The fact that all the keys can display anything also means that power users will be able to get into amazing macros and assign self-labelling keys. Compared to the common keyboard with either a tacky cardboard overlay or the memory of a herd of elephants to remember the Shift/Alt/Ctrl variables of each key, this keyboard changes display so that keys are clearly readable based on the editing or mixing mode you chose. The keyboard also lets you run the rest of your computer’s software. Want Kangi characters? Cyrillic? This keyboard will display anything.


To perfect the keyboard and the practical operating of the Xynergi, Fairlight has employed Cliff Jones, a long-time Fairlight user who formerly ran Soundmonsters in London. The use of an experienced engineer to develop the interface has meant this system is operator driven. Anyone who’s familiar with Fairlight or dSP products can immediately get their heads and fingers around the keyboard. For those that come from the world of modified sequencers, there is a mouse. You should learn to avoid it, but it is there. I found it handy to open a project, then left it to gather dust.

After a demo Cliff left me to play and it wasn’t hard to get into a rhythm of editing. My OMFi (Open Media File) loaded blindingly fast. Operating was easy, with jogging and editing logical, ergonomic and with all the expected waveform and clip overlaying. Important issues like networking and sound library management are very good (and getting better). Pyxis video integration is perfect. Anything that needed explaining was sorted without a single glance at some convoluted PDF manual. (Let’s face it, manuals are like a Phantom Agent’s gun – last resort and a sign of weakness.) The Xynergi has a built-in help and tutorial system called ‘Xplain’. Press the Help button and suddenly the display walks you through a process using the actual keys and workflow. You learn by doing the task using the keys in front of you. This is a revolution in self-help.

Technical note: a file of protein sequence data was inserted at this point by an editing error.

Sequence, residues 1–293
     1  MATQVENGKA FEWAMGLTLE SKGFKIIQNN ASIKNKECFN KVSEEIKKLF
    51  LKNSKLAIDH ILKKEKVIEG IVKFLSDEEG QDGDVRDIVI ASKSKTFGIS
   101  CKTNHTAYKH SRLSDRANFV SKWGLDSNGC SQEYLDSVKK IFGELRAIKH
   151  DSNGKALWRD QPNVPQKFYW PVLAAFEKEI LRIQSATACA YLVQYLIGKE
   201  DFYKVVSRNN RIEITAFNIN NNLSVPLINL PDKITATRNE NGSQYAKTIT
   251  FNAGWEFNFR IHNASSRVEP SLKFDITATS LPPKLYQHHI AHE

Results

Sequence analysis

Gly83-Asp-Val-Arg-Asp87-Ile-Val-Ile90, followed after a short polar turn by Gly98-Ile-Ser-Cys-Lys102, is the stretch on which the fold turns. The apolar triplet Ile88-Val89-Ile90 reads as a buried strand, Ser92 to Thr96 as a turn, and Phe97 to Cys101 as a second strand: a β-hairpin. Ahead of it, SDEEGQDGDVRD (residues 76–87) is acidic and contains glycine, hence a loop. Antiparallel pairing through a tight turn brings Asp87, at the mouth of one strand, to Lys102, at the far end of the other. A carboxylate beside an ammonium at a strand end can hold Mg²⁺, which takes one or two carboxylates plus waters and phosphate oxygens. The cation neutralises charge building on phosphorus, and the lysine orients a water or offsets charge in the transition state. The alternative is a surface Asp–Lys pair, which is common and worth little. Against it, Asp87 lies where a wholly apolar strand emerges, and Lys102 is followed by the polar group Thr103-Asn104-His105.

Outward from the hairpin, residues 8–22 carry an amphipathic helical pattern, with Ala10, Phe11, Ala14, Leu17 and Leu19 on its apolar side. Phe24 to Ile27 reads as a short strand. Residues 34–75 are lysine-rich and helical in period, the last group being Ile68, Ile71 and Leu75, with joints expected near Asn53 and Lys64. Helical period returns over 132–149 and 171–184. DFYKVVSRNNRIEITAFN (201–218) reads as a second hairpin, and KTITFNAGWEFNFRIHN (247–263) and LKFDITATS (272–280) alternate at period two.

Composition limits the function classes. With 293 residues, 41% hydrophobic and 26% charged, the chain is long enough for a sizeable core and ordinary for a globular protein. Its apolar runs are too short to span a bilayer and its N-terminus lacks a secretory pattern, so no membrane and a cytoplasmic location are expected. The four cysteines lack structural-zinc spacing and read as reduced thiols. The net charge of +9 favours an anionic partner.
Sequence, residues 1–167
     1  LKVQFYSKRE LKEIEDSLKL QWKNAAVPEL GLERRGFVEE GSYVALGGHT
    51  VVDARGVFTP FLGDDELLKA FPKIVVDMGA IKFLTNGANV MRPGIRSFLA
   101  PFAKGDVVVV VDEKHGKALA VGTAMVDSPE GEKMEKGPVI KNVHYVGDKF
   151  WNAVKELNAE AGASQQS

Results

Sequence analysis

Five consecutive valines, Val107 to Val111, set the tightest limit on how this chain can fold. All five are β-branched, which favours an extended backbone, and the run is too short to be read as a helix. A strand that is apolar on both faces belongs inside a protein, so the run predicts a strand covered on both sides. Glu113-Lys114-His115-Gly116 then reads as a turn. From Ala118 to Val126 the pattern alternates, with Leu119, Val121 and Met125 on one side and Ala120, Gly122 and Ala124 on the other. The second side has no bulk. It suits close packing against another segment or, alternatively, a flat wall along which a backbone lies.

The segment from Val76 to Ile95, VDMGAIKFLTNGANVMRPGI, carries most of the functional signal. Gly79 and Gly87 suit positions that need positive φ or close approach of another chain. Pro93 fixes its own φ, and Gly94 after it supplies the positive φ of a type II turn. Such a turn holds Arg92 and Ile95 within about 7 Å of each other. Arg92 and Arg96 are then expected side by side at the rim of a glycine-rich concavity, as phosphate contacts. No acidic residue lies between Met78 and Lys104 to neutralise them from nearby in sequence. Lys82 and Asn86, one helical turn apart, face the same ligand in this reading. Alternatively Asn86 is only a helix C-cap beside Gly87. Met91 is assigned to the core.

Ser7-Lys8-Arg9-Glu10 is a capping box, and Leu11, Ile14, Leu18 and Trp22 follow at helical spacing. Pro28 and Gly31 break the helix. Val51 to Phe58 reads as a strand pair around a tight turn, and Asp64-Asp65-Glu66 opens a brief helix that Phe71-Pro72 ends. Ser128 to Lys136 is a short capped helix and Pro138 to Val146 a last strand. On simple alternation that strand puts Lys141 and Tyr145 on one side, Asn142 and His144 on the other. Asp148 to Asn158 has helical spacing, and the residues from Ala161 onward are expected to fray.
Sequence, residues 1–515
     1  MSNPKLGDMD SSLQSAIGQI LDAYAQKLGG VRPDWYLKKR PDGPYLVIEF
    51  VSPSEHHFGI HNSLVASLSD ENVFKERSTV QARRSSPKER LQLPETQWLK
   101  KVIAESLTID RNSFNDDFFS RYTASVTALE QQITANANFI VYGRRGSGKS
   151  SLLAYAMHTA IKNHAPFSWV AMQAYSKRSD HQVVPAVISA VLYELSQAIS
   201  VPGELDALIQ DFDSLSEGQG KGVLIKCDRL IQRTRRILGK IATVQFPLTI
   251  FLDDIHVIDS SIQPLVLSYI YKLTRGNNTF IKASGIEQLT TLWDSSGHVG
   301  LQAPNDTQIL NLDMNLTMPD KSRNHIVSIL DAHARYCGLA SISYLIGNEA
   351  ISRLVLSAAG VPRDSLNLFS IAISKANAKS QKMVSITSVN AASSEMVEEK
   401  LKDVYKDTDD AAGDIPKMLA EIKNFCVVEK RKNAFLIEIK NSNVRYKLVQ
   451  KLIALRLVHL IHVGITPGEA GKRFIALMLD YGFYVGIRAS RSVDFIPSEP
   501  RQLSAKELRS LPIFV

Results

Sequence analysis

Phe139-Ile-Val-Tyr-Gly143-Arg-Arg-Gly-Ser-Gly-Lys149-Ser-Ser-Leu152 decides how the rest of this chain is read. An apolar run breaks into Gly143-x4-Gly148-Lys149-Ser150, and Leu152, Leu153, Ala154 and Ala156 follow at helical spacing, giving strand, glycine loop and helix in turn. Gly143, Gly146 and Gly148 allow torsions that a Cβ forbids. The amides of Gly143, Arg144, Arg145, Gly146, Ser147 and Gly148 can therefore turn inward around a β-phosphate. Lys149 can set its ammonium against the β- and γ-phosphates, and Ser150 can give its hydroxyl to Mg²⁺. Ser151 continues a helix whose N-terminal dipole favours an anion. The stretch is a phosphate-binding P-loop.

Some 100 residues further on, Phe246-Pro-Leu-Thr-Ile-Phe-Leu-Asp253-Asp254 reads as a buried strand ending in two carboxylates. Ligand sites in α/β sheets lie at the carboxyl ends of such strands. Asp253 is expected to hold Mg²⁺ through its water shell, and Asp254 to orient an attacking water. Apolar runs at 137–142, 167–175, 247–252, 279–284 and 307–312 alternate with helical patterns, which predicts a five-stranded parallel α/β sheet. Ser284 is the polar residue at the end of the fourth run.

For the toy mongers amongst us, Fairlight has included a 64-channel bridge so that third-party plug-ins can be used at the clip and mix level. The in-built display plus the 16 buttons and eight pots around the display make it easy to control plug-ins, EQ and dynamics. The main edit and mix functions are displayed on external computer monitors. A built-in patching and monitoring system enables very comprehensive signal routing both internally and externally. A basic Xynergi system comes with a breakout box, the SX-20, that gives analogue and digital I/O, nine-pin machine control, LTC I/O and video sync, including tri-level for HD work. If more I/O channels are needed, Fairlight has MADI-to-AES or analogue breakout I/O boxes (SX-48) in 48-channel lots. For mix controllers, Fairlight has mapped the Mackie HUI, plus a Fairlight 12-fader sidecar mixer option similar to the fader panel on its Constellation large format mixer.


The combination of disk editor with integrated video plus full mixing with total automation means that Fairlight Xynergi is a complete post tool in a single PC. This is not a first, but the sheer grunt, the elegance and future-proofing of hardware and control surfaces means that the Xynergi is really going to make inroads. Xynergi also packs the power of AVTransfer into its system with OMFi, AAF and multi-file format handling for both audio and video.

I have never been more impressed with a product for review. The price is amazing, power saving extraordinary. Video/audio editing and mixing integration is the best I have seen, with a controller and processor that are extremely powerful and functional, plus there’s enormous scope for further development. There is so much more I’ve glossed over to keep the word count reasonable, but a visit to the Fairlight website is highly recommended.